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China woos African trade

In Beijing this weekend, China is seeking tighter ties with regimes reviled in the West.

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For Chinese officials, this weekend's summit here of more than 40 African leaders is a chance to celebrate Beijing's booming economic ties with the continent.

For Western governments, though, the jamboree highlights a new and troubling source of friction with China: the Asian giant's readiness to bail out African regimes that the US and Europe are trying to pressure into improving their human rights and good governance records.

Behind the handshakes, and the giant billboards from which elephants look down on Beijing's expressways, the summit raises vexing ethical questions about China's role in the world.

In its drive to feed the booming Chinese economy's voracious appetite for oil and other raw materials, the Chinese government has not always been choosy about the African friends it has made – such as pariah regimes in Sudan and Zimbabwe.

Its indiscriminate glad-handing, though, is frustrating recent Western efforts to use trade, aid, and investment to compel certain African regimes to clean up corruption and dubious ethics.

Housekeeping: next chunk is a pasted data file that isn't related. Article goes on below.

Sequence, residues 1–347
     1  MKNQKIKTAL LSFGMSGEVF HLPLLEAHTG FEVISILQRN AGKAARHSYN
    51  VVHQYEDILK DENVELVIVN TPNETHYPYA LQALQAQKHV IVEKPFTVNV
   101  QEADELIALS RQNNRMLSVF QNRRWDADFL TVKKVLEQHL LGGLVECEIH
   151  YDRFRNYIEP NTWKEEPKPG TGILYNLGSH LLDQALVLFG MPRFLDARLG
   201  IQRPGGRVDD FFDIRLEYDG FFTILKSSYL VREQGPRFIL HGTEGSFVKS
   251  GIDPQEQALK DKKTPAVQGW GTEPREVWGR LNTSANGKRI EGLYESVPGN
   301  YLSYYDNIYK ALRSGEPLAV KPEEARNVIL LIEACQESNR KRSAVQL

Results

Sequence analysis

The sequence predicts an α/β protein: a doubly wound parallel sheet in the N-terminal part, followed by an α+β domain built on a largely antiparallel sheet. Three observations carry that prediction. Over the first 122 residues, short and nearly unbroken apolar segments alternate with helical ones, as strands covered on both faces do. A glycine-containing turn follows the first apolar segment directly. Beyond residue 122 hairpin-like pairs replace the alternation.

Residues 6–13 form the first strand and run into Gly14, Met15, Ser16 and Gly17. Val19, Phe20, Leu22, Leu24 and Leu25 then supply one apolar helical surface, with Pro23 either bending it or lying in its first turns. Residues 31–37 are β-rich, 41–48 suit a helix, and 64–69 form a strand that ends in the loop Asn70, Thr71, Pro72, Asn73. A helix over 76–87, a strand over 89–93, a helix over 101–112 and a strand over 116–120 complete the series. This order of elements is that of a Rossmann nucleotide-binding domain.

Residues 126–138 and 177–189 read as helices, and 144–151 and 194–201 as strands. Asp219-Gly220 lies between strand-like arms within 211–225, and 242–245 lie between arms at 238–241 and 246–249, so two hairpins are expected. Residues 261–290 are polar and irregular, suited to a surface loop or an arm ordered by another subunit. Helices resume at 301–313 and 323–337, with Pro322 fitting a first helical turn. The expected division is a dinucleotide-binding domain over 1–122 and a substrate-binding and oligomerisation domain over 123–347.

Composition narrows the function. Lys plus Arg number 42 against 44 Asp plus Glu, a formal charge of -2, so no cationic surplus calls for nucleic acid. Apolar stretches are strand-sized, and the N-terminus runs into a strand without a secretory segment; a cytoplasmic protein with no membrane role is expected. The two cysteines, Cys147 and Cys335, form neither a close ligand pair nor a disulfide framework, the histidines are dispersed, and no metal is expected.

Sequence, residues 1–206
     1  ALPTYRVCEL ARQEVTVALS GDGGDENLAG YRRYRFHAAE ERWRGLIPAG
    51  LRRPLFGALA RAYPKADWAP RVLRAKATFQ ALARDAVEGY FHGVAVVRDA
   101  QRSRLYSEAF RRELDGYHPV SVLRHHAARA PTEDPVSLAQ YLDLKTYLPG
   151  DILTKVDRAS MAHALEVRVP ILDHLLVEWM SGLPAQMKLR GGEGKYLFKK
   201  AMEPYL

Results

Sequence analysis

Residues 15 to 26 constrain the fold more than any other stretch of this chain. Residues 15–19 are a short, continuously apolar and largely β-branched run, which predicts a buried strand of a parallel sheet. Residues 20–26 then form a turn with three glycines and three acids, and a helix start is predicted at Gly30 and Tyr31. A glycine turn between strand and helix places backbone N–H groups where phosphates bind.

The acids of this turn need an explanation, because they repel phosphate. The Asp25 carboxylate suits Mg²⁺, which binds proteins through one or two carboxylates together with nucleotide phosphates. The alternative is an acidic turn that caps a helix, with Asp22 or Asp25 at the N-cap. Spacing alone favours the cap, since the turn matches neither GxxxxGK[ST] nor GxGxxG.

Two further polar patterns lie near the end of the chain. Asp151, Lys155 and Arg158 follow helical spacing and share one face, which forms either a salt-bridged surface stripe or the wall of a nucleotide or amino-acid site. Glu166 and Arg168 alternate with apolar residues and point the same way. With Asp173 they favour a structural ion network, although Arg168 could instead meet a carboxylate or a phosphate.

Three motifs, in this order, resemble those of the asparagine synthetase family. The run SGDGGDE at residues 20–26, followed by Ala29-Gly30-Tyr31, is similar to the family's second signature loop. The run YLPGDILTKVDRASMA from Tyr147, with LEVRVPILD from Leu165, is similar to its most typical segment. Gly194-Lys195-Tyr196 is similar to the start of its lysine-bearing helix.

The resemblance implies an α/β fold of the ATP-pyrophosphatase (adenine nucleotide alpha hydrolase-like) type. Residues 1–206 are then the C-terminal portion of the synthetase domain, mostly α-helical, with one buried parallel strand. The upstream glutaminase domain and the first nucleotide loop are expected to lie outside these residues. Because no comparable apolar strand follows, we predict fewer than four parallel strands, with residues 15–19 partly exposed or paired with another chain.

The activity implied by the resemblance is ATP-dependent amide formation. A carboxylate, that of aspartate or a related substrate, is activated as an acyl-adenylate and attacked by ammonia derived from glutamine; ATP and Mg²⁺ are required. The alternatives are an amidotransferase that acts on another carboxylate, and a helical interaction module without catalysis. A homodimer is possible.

For their part, Chinese officials say that business is business, and that it is not their job to tell others how to run their countries.

"It is never our view that a country should interfere in another country's internal affairs," Deputy Foreign Minister Zhai Jun said last week. "We've never imposed on other countries our values ... and we do not accept other countries imposing their values on us either."

That principle has guided China's dealings with the world for 50 years, points out He Wenping, head of African studies at the Chinese Academy of Social Sciences. "It has played a very positive role in developing Chinese influence," she says. "Developing countries appreciate it very much. It won't change in the near future."

China's business with Africa is exploding; trade has increased tenfold over the past decade to nearly $40 billion a year, making Beijing the continent's third largest trading partner, just behind the US and France. Chinese investment now tops $6.4 billion, largely in oil installations but also in prestige projects such as railroads in Angola and Nigeria, sports stadiums in Mali and the Central African Republic, and Africa's largest dam in Ethiopia, according to Deputy Trade Minister Wei Jianguo. China's president, prime minister and foreign minister have all visited the continent this year.


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